And I think the tertiary goal was probably to get us onto a more modern stack. Not necessarily that Java isn’t modern; we still use Java. It’s used for our search functionality because we use a service called Elasticsearch. But to get into a bit more of the space that’s more popular in the web development community and the software development community, not only because that makes it more fun to work on things because you’re working with things that people are already talking about on the Internet right now, it also makes hiring much easier, and I think it also makes our staff just much happier because instead of using outdated things, they’re a little bit closer to the edge of what’s new in technology.

Right. You talked about the speed. What are some of the other site averages? How fast are these other sites moving and how fast is ours now in comparison?

Lavallee: I’m looking at something that the Hearst group put together, which is a performance leaderboard they have. If you look at the top of the list, Atlantic City Lab, SF Gate, and Financial Times have load time averages that are down below seven seconds, things like that. And our previous load time was around 30 seconds on the same board. We should be up there in the next couple days because I’ve emailed them, but I’m hoping make into the top 10 of that. I think we’re definitely getting much higher on that list, and we still know we have a few tricks up our sleeve to push it even higher, which we’re really excited about.

Jason, obviously the new designs on the site are very striking—there’s a lot of color, there’s all sorts of illustrations throughout. What were some of your inspirations about where to start with this?

Santa Maria: We actually worked with an outside branding firm in the initial stages to give us foot in the door on some of the design work to put a little bit of voice around it and define where the edges were. They’re named Gretel, and they’re based in New York. They helped us not only with branding like the logo and other bits like that but establishing a good color palette and the concept for the approach of some of the elements.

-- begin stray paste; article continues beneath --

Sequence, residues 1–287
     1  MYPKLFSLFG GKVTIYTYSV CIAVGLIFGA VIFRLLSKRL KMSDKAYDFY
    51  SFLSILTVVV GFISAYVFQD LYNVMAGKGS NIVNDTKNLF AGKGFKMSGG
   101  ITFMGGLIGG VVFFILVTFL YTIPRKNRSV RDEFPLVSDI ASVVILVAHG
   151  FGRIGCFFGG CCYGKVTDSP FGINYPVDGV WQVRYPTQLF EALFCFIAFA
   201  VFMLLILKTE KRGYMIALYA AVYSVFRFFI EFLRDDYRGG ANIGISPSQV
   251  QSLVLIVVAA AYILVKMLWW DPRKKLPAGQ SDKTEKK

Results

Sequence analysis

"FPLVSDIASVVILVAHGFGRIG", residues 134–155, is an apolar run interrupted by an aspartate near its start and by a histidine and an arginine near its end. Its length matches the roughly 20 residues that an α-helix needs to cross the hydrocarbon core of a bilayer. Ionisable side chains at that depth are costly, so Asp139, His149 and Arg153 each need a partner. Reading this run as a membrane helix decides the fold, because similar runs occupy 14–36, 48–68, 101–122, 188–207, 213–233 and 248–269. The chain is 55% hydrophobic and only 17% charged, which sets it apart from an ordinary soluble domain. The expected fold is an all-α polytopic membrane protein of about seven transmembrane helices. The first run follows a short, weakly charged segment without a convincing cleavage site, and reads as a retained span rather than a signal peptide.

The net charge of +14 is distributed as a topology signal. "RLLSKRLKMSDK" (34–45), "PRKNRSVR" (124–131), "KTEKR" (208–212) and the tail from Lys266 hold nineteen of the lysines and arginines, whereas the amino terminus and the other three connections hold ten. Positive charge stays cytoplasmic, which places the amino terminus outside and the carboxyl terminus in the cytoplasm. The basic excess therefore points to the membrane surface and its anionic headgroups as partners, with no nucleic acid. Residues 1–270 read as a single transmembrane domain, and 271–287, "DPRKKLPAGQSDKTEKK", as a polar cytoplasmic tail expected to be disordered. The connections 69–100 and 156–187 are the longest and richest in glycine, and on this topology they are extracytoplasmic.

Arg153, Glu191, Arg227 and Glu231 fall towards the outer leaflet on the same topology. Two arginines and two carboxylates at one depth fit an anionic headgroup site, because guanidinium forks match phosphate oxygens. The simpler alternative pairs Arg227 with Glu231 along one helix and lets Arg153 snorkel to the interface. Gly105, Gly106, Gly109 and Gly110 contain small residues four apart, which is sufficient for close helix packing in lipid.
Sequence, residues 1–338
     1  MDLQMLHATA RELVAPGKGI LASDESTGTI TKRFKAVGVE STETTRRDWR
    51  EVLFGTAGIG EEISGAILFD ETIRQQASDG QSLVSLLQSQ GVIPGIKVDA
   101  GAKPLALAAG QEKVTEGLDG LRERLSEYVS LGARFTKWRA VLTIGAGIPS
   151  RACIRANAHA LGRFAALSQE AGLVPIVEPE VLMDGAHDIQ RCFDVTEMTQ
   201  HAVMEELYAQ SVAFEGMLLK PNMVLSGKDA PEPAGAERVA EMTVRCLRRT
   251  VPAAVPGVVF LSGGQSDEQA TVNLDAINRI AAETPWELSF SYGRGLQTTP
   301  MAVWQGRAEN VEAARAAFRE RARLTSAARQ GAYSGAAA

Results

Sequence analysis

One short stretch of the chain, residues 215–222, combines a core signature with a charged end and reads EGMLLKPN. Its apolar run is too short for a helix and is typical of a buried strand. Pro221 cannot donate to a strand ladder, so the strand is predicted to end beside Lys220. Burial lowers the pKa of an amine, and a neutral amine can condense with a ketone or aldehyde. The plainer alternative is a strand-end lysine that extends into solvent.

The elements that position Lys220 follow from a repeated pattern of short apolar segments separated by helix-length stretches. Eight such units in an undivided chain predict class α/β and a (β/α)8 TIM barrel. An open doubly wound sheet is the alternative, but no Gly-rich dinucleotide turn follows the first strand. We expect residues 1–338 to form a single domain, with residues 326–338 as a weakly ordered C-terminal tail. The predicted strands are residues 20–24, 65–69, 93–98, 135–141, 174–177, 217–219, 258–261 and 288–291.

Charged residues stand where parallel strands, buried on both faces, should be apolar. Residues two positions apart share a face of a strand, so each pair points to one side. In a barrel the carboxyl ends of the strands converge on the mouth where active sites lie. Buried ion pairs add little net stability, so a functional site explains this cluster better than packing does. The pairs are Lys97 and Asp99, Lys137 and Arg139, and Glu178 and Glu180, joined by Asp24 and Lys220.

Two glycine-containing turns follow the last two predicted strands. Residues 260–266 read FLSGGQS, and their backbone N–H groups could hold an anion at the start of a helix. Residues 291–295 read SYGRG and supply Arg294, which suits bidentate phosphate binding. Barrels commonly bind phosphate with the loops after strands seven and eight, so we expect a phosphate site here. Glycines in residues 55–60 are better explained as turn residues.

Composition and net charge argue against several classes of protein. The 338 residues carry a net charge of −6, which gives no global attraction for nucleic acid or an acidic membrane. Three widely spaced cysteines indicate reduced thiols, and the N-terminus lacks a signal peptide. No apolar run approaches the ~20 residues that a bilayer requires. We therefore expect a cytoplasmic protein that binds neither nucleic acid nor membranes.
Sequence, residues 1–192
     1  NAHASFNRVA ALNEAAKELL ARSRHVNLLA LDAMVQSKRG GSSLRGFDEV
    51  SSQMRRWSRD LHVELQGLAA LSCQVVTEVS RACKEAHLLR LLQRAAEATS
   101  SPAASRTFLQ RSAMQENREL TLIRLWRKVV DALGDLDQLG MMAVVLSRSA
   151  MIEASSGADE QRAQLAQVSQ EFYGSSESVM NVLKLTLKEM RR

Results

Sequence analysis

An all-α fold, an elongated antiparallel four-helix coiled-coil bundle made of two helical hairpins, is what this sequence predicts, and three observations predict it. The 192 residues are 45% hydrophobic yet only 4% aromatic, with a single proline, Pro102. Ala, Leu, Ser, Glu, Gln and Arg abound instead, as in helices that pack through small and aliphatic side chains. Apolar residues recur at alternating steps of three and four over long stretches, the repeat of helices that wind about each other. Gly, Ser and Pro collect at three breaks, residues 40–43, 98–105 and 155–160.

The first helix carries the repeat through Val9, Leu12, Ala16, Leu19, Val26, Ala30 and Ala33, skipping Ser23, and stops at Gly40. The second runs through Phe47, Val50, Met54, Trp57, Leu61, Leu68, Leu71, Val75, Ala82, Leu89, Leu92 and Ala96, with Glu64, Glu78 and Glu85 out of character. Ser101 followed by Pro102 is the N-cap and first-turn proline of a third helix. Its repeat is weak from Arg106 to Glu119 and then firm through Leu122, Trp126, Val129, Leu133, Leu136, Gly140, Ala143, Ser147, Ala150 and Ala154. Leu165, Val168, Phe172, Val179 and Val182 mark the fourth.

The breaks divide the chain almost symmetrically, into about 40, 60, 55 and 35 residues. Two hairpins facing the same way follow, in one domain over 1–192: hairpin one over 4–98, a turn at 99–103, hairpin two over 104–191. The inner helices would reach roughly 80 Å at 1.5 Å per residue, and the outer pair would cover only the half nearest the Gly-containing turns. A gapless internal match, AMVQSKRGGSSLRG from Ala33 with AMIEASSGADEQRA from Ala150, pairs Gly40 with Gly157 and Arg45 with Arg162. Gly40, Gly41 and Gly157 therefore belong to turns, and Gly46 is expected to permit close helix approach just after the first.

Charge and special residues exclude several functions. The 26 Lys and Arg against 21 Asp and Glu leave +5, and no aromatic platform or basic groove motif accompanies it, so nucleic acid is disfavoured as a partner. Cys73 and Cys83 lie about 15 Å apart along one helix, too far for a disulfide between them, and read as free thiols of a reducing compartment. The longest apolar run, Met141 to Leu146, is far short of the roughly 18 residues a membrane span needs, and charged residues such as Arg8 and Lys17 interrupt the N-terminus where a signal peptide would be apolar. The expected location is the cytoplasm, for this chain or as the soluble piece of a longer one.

On the site you’ll see that certain elements overlap. We have some hand-done pieces and, like you said, a lot of bright color and illustration. The general concept there—and it’s sort of a light one that you would see on the site—is the idea of the editor’s hand, the editor’s involvement in the story making process. We pick up on a couple of cues of what that might look like of things overlapping as you would overlap papers or elements on a desk as you’re doing research and some of the hand done elements are more like someone making notes or marginalia in the side of something. We like the idea of exploding the story making process in that way and picking up on some of the little artifacts that come about from that in visual ways. Illustration has always been a big part of Slate’s art, so we just wanted to double down on that and do even more of it and bring it to more sections of the site, too.

For color, we had a very, very limited palette in the past design library. It was pretty much just maroon, and sometimes we would use this highlighter yellow, and beyond that we really didn’t have anything established. I think the colors came about not only wanting to preserve some of the design equity that we had from the past work of the maroon and broadening that out to a darker maroon, but then bringing in all these other colors so that we would have a lot more options to play with.

Speaking of the little editor’s notes, there’s that little asterisk under the homepage logo that I really like—that’s one of my favorite parts. Can you describe that and also talk about how you came up with that?

Santa Maria: Sure. The asterisk is sort of like pulling back the curtain to reveal a little bit Slate’s voice. We were looking for ways to inject some of that into the design work through words not just through visuals. Some of it will come through in headlines and in the stories that are on the page, but we noticed that around the time we were designing the site some of these other sites were launching. They were throwing taglines in their masthead. It’s a bit of throwback for magazines and the newspapers to wear that right up front.